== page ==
Vivian Martinez lived in a Latino neighborhood in San Diego and had always dreamed of getting a college degree.
Some time ago, a school called Success University opened in her neighborhood.
At SU students had an opportunity to pursue a B.A., B.S., M.A., M.S., M.B.A., and even a J.D. degree.
Vivian Martinez saw this as a boon because, for years, she had been trying to enroll in community college courses that were not accepting any more students, as the community college budgets had gradually reduced to barf.
And Success University, a proprietary college, promised Vivian Martinez the American dream.
Success University’s recruiter used attractive words like, “guaranteed job placement” and “a career in the legal industry that pays six figures.”
Through her eighteen months as a Success University student, Vivian Martinez often met with her Law and Ethics instructor, who also happened to be her career advisor. Professor Jackson, that’s what students called him though he didn’t have a Ph.D., offered Vivian advice on how she should search and apply for jobs in the legal field. Andy Jackson had a degree in Environmental Policy; but, after graduating summa cum laude from University of Southern California, he couldn’t find a job in that field. Fortunately, Andy was married to an influential partner at a prestigious San Diego law firm. Just because he was married to a lawyer, Success University hired Andy Jackson to educate its law students.
After completing a B.A. and J.D. program in eighteen months, Vivian Martinez secured a job as a receptionist for a service called Human Billboards 4 Hire. Vivian answered phones at a small office that helped place qualified candidates in temporary jobs waving signs on street corners to attract motorists to sales in strip malls. This receptionist’s job paid minimum wage with no benefits, but it was the best job Vivian could secure with her J.D. degree from Success University. As it turns out, Success University never received regional accreditation, and Vivian’s degree—while it costs her a fortune—amounted to little more than a farce.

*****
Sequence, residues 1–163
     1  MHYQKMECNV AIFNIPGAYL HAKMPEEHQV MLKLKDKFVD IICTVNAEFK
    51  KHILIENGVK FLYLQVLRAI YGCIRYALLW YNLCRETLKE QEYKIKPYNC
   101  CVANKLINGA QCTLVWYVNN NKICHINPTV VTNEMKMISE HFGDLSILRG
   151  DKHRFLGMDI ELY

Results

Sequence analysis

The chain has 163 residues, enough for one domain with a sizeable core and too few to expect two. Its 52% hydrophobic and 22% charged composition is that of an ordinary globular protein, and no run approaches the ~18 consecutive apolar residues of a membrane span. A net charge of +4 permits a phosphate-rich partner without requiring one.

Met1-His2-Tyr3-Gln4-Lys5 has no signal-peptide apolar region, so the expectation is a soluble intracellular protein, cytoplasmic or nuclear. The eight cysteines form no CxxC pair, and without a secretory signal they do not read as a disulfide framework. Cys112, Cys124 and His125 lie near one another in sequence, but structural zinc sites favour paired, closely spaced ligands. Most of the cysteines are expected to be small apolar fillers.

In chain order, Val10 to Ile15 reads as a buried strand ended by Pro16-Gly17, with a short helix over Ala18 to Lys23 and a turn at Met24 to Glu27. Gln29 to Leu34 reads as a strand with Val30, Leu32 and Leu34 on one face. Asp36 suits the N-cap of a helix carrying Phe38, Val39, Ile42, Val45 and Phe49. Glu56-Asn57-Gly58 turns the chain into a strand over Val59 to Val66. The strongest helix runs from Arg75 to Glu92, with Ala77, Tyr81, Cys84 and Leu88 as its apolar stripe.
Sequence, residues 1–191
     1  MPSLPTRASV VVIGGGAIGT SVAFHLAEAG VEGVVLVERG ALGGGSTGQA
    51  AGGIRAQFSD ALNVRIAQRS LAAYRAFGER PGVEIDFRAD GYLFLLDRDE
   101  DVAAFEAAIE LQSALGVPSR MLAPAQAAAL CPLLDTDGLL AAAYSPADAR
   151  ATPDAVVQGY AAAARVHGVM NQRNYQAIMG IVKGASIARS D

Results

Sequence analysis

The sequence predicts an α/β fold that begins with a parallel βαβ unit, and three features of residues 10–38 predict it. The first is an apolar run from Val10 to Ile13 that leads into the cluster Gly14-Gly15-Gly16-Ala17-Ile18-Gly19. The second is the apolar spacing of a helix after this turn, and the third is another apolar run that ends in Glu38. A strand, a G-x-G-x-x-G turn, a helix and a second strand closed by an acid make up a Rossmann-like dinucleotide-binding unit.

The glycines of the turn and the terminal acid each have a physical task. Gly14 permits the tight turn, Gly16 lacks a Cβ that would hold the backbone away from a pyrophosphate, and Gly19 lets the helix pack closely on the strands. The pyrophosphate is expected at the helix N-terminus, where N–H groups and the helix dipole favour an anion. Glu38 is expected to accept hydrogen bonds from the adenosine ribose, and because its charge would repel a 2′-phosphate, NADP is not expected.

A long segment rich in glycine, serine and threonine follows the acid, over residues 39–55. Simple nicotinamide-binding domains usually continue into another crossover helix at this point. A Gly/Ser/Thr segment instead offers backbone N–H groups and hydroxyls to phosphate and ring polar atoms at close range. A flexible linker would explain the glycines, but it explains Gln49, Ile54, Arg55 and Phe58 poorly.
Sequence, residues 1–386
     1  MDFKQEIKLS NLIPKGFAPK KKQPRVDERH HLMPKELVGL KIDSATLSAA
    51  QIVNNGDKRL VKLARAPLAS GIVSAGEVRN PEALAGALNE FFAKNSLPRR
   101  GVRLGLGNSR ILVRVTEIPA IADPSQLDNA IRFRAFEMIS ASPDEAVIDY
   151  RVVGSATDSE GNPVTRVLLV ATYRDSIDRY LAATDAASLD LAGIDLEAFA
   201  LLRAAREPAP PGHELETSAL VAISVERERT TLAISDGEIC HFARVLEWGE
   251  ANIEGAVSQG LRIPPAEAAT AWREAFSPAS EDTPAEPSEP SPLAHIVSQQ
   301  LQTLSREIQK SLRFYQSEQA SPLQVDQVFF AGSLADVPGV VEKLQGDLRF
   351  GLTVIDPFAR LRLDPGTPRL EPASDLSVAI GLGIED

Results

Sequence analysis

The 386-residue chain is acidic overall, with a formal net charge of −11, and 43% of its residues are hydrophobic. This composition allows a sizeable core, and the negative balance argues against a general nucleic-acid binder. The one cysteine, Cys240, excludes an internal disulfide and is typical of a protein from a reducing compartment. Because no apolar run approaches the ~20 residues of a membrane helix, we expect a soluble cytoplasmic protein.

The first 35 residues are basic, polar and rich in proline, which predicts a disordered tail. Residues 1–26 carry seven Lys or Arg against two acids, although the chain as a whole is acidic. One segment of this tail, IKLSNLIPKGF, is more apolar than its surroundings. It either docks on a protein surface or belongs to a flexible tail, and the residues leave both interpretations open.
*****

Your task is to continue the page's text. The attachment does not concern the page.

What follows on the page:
Vivian Martinez wanted to sue Success University for fraud, but she could not. She had signed a contract that included a sneaky arbitration clause. While the arbitration clause was obviously unconscionable, the U.S. Supreme Court of that era did not deem SU’s arbitration clause unconscionable.
Vivian tried another approach. She formed a community alliance of people in her neighborhood who had suffered similar humiliation: they all had useless college degrees and overwhelming debts. They protested and demonstrated and educated prospective Success University students about this shady business and its shady arbitration clause. Unfortunately, other neighbors who had secured employment as Staff at SU were able to squelch Vivian’s community group.
However, a renowned Professor of Education at Ivory Tower University in New York City somehow caught word of this scandal (wasn't it through a friend of a friend's Wall Status on Facebook??). Professor Augustus Longfellow knew that a “university” that uses a for-profit business model to sustain itself loses sight of its goal to educate students. Professor Longfellow chose to abandon his enviable, high-power post as Chair of the Education Department at ITU and moved himself and his family to San Diego.
He bought a charming craftsman style home—a short sale—in the center of Vivian’s neighborhood. After he and his green thumb wife fixed up the place, Augustus started offering free lectures in his backyard, a lush garden full of fruit trees, rose bushes, and succulents. Everyone who attended the lectures walked away with a clear understanding of the difference between getting a degree and getting an education. Professor Longfellow invited everyone back to his yard again and again over years, over decades, and over centuries. He lectured, he asked questions, he discussed, and he professed. His students read and thought about and wrote about every word of every Classic. They memorized The Canon. They challenged The Canon. Soon all the people in Vivian Martinez’s community were using their minds to think about stuff.
In the end, all the for-profit colleges and universities disappeared from the face of the earth, and the whole world embraced Professor Longfellow’s model for free, garden-variety education for all.
The United States of America even changed the words in its Pledge of Allegiance to say “I pledge allegiance to the flag blah blah blah… With affordable health care and education for all.”
At last, everyone agreed we should replace the words liberty and justice in favor of more practical health and education because, let’s be honest, liberty and justice elude us all.